Even as we try to keep up with Fashion Week ourselves, it’s fantastically impossible to follow all the new clothes, the editor swaps, and every front-row moment that happens throughout a typical day at the shows — and we mean just one day. That’s why we’re introducing the Hit List, a quick and dirty compendium you can read while rolling out of bed or planning your latest look for Jason Wu’s sure-to-be snowy show, whether you’re watching from the front row or totally insulated in your cubicle.
When the Keepsake martini arrives at your table at Quaintrelle in Portland, a small sprig that resembled both asparagus and seaweed balances precariously on the glass. It’s a sea bean, also known as samphire. Take a bite of the garnish, and you might think you're eating a green bean that got left in some deliciously salty brine.
You can find superior fish tacos nearly anywhere in Baja, Mexico, on the roadside in Todos Santos at Tacos George’s , or downtown at Tacos Rossy in San José del Cabo, where two women across the street press tortillas all day long. But if you want to go all in, the pilgrimage to Ensenada is worth it. In this sleepy fishing village, there are ramshackle stands on most street corners. Locals crowd in among vats of bubbling oil to stand and eat tacos, and you should wander around town and do the same.
Muck Rack makes it simple to find people, tweets, or articles that mention any name, keyword, company, hashtag etc. We've compiled this guide to help you make the most of your search.
Selecting a term
Start searching tweets, articles from media outlets, articles mentioned in tweets, journalists'
names, titles and bios with some suggested searches:
Companies or Topics (e.g. iPhone, Microsoft)
Phrases (e.g. "cloud computing") — use quotes to keep the terms together
Twitter handles (e.g. @username) — returns those who have mentioned or replied to
Names (e.g. "David Pogue")
Hashtags (e.g. #sxsw, #london2012)
Bio details (e.g. vegan, Olympics, father)
Muck Rack's Advanced Search allows for many boolean operators.
Find results that mention multiple specified terms, use AND or
+. For example, ensure each result contains both Elon Musk and Mark Zuckerberg by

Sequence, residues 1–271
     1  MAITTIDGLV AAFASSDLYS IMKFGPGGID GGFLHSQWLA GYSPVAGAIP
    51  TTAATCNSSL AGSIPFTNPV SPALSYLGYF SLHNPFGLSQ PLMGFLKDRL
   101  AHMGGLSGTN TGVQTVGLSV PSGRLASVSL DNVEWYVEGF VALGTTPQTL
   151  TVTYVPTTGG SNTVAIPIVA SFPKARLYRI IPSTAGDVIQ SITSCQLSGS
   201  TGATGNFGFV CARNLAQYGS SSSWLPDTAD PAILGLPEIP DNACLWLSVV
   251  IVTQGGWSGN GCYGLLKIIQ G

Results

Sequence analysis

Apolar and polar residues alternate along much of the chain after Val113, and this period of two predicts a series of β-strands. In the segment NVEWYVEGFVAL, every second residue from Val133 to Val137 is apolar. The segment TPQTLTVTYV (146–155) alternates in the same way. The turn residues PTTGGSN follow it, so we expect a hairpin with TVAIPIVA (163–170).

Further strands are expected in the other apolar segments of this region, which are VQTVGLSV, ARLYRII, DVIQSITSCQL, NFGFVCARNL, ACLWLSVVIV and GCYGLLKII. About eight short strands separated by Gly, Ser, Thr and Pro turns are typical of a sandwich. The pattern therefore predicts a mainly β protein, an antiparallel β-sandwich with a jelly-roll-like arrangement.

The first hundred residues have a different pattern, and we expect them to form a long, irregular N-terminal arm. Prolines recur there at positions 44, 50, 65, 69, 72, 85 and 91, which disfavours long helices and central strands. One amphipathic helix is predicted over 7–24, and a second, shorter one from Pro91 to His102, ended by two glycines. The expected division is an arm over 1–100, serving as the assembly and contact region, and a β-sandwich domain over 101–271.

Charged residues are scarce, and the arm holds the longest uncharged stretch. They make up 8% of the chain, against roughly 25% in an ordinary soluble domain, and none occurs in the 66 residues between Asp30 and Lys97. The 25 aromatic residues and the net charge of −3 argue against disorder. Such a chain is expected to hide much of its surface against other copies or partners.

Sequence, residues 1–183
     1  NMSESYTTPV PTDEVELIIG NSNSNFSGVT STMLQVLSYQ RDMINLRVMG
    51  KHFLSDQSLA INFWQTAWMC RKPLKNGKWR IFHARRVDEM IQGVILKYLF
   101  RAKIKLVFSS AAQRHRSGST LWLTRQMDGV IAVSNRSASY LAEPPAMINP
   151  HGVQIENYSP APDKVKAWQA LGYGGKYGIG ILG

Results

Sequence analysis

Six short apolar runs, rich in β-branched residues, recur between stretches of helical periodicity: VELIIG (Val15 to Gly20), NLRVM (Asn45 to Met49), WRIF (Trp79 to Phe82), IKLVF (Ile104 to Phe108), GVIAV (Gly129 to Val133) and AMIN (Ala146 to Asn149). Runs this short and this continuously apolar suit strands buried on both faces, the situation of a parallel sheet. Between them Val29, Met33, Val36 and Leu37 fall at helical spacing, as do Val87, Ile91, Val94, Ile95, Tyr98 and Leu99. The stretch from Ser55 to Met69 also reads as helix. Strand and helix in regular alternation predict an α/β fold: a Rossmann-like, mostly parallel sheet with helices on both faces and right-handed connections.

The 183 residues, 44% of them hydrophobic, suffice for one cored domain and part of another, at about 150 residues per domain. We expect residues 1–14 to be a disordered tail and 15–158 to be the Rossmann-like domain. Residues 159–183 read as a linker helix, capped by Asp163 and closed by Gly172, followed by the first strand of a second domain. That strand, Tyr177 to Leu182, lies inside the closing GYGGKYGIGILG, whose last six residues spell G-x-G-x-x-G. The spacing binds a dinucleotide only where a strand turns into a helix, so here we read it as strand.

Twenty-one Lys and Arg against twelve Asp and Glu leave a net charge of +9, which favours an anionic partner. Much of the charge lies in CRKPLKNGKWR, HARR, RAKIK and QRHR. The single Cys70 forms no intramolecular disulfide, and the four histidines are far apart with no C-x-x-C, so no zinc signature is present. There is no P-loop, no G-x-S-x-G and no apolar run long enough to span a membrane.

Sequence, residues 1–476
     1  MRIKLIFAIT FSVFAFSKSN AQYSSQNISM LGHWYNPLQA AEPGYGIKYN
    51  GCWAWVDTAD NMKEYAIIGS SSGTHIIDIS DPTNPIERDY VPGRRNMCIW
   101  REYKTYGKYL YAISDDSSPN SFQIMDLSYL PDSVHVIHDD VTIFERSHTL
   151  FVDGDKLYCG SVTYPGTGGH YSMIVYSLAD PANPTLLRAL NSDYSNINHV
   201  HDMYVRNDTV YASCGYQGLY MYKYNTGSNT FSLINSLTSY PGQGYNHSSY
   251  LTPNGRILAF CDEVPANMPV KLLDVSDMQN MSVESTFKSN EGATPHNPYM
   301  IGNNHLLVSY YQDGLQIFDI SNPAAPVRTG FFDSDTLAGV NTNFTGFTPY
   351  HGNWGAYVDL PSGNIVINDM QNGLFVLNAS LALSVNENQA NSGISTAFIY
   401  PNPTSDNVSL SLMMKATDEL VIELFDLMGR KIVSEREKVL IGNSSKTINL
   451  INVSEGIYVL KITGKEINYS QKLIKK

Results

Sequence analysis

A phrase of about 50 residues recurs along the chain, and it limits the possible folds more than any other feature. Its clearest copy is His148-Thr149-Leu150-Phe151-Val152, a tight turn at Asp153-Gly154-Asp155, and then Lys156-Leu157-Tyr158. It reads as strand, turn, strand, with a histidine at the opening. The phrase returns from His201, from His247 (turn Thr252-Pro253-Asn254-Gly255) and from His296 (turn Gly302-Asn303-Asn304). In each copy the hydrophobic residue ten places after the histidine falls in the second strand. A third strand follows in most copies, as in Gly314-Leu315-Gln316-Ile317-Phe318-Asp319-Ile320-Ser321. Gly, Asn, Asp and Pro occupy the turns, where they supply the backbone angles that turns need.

searching Obama AND Romney or Obama + Romney.
Use the operators OR or , to broaden your search when you'd like either of
multiple terms to appear in results. (This is the default behavior of our search when no operators
are used.) For example, search for democrat OR republican to find results that refer to
Democrats and/or Republicans.
Use NOT or - to subtract results from your search. For
example, searching Disney will yield results about the Walt Disney Company as well as Walt Disney
World Resort. To exclude mentions of Disney World, search for Disney -World or Disney
When using one of these operators with a phrase, enclose it in quotation marks. For example, you can
find results about smartphones excluding Apple's iPhone 4S by searching smartphone -"iPhone
Exact case matching or punctuation
If you're searching for a brand name or keyword that relies on specific punctuation marks or capitalization, you can
find results that match your exact query by adding matchcase: before the keyword you're searching for, like matchcase:E*TRADE .
Use parentheses to separate multiple
boolean phrases. For example, to find journalists talking about having fun in Disney World or
Disneyland, search for ("disney world" OR disneyland) AND fun.
An asterisk can be used to search for any variation of a root word truncated by the asterisk. For example, searching for admin* will return results for administrator, administration, administer, administered, etc.
A near operator is an AND operator where you can control the distance between the words. You can vary the distance the near operation uses by adding a forward slash and number (between 0-99) such as strawberries NEAR/10 "whipped cream", which means the strawberries must exist within 10 words of "whipped cream".